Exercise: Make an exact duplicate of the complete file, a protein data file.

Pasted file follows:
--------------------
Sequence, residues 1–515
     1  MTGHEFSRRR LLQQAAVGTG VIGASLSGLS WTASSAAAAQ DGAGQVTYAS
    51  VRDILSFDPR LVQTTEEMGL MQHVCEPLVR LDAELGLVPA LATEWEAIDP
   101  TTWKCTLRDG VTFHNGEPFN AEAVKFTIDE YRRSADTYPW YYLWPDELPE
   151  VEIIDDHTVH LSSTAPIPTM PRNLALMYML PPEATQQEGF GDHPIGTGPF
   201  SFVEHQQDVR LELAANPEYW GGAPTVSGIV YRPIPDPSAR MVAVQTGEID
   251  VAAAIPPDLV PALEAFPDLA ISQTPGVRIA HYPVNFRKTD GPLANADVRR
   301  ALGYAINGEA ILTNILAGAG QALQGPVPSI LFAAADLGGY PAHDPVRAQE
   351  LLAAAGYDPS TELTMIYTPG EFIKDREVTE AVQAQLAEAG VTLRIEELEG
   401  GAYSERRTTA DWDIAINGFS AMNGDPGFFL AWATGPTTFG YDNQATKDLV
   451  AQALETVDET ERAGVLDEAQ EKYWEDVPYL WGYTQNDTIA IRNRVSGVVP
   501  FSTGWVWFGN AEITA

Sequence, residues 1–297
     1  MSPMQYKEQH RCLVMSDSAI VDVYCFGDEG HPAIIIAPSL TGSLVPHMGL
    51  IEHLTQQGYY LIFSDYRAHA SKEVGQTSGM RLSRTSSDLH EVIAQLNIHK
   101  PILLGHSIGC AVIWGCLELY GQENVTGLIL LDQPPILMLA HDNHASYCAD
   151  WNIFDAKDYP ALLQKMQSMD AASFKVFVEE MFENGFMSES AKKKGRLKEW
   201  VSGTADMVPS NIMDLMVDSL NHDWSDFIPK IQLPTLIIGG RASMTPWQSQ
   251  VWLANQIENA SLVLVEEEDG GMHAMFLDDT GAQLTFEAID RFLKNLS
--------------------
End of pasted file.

Sequence, residues 1–515
     1  MTGHEFSRRR LLQQAAVGTG VIGASLSGLS WTASSAAAAQ DGAGQVTYAS
    51  VRDILSFDPR LVQTTEEMGL MQHVCEPLVR LDAELGLVPA LATEWEAIDP
   101  TTWKCTLRDG VTFHNGEPFN AEAVKFTIDE YRRSADTYPW YYLWPDELPE
   151  VEIIDDHTVH LSSTAPIPTM PRNLALMYML PPEATQQEGF GDHPIGTGPF
   201  SFVEHQQDVR LELAANPEYW GGAPTVSGIV YRPIPDPSAR MVAVQTGEID
   251  VAAAIPPDLV PALEAFPDLA ISQTPGVRIA HYPVNFRKTD GPLANADVRR
   301  ALGYAINGEA ILTNILAGAG QALQGPVPSI LFAAADLGGY PAHDPVRAQE
   351  LLAAAGYDPS TELTMIYTPG EFIKDREVTE AVQAQLAEAG VTLRIEELEG
   401  GAYSERRTTA DWDIAINGFS AMNGDPGFFL AWATGPTTFG YDNQATKDLV
   451  AQALETVDET ERAGVLDEAQ EKYWEDVPYL WGYTQNDTIA IRNRVSGVVP
   501  FSTGWVWFGN AEITA

Sequence, residues 1–297
     1  MSPMQYKEQH RCLVMSDSAI VDVYCFGDEG HPAIIIAPSL TGSLVPHMGL
    51  IEHLTQQGYY LIFSDYRAHA SKEVGQTSGM RLSRTSSDLH EVIAQLNIHK
   101  PILLGHSIGC AVIWGCLELY GQENVTGLIL LDQPPILMLA HDNHASYCAD
   151  WNIFDAKDYP ALLQKMQSMD AASFKVFVEE MFENGFMSES AKKKGRLKEW
   201  VSGTADMVPS NIMDLMVDSL NHDWSDFIPK IQLPTLIIGG RASMTPWQSQ
   251  VWLANQIENA SLVLVEEEDG GMHAMFLDDT GAQLTFEAID RFLKNLS